Backstage on the Eagles Farewell Tour
|Birth name||Donald Hugh Henley|
July 22, 1947 |
Gilmer, Texas, United States
|Genres||Rock, pop rock|
|Occupations||Musician, singer, songwriter, producer|
|Instruments||Vocals, drums, percussions, guitar, keyboards, saxophone, synthesizers, tabla|
|Labels||Asylum, Geffen, Warner Bros.|
|Associated acts||Eagles, Bruce Hornsby, Stevie Nicks, Linda Ronstadt, Trisha Yearwood, Warren Zevon|
Donald Hugh "Don" Henley (born July 22, 1947) is an American singer, songwriter, producer, and drummer, best known as a founding member of the Eagles before launching a successful solo career. Henley was the drummer and co-lead vocalist for the Eagles from 1971–1980, when the band broke up, and from 1994–present, when they reunited. Henley sang the lead vocals on Eagles hits such as "Witchy Woman", "Desperado", "Best of My Love", "One of These Nights", "Hotel California", "Life in the Fast Lane", and "The Long Run".
After the Eagles broke up in 1980, Henley pursued a solo career and released his debut album I Can't Stand Still, in 1982. He has released four studio albums, two compilation albums, and one live DVD. His solo hits include "Dirty Laundry", "The Boys of Summer", "All She Wants to Do Is Dance", "The Heart of the Matter", "The Last Worthless Evening", "Sunset Grill", "Not Enough Love in the World", "New York Minute" and "The End of the Innocence".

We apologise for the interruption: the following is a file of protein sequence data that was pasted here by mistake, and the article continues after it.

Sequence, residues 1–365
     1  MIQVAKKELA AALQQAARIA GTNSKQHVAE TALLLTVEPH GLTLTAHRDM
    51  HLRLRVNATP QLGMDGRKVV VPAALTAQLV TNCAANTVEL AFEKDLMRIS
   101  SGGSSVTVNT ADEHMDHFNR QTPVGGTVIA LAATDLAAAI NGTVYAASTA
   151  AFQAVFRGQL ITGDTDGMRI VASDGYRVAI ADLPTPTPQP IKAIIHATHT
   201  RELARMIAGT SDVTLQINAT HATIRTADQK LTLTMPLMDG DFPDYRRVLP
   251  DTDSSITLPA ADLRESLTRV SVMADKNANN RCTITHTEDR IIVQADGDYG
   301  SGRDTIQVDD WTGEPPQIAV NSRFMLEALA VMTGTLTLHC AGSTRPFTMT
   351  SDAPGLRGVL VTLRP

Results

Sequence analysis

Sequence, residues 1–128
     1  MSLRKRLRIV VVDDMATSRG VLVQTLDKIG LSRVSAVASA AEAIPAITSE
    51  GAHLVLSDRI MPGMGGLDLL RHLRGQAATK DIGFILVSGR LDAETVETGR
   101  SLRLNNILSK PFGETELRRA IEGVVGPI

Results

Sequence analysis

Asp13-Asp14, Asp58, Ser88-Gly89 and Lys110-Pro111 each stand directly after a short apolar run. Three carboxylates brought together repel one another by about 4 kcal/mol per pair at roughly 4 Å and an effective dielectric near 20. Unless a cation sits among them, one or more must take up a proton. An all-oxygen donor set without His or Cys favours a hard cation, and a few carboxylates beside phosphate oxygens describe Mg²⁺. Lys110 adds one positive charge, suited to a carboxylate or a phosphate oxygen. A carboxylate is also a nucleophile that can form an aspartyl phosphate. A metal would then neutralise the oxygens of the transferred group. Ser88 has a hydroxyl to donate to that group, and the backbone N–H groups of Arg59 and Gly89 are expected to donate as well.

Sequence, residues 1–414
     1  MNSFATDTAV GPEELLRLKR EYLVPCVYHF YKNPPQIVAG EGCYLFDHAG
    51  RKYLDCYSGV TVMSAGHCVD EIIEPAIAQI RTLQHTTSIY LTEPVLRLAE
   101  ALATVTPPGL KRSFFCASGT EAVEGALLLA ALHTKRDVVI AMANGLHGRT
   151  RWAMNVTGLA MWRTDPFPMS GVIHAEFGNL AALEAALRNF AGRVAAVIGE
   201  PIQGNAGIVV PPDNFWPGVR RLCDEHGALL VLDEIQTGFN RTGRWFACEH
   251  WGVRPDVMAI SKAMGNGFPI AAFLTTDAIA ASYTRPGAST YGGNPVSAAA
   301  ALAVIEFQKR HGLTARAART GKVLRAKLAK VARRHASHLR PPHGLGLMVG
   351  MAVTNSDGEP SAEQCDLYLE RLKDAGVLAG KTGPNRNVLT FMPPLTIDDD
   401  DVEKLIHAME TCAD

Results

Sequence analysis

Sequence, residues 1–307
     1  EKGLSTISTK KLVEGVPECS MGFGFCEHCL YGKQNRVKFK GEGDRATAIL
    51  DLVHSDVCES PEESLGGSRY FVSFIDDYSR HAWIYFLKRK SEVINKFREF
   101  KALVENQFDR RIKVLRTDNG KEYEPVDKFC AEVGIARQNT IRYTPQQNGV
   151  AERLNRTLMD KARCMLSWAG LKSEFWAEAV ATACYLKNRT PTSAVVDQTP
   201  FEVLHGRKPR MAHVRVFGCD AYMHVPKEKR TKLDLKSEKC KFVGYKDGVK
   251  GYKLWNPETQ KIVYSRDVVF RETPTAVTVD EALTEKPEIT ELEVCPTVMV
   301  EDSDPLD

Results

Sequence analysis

The Eagles have sold over 120 million albums worldwide, won six Grammy Awards, had five #1 singles, 17 Top 40 singles, and six #1 albums. They were inducted into the Rock and Roll Hall of Fame in 1998 and are the biggest selling American band in history. As a solo artist, Henley has sold over 10 million albums worldwide, had eight Top 40 singles, won two Grammy awards and five MTV Video Music Awards. Combined with the Eagles and as a solo artist, Henley has released 25 Top 40 singles on the Billboard Hot 100. He has also released seven studio albums with the Eagles and four as a solo artist. In 2008, he was ranked as the 87th greatest singer of all time by the Rolling Stone magazine.
Henley has also played a founding role in several environmental and political causes, most notably the Walden Woods Project. Since 1994, he has divided his musical activities between the Eagles and his solo career.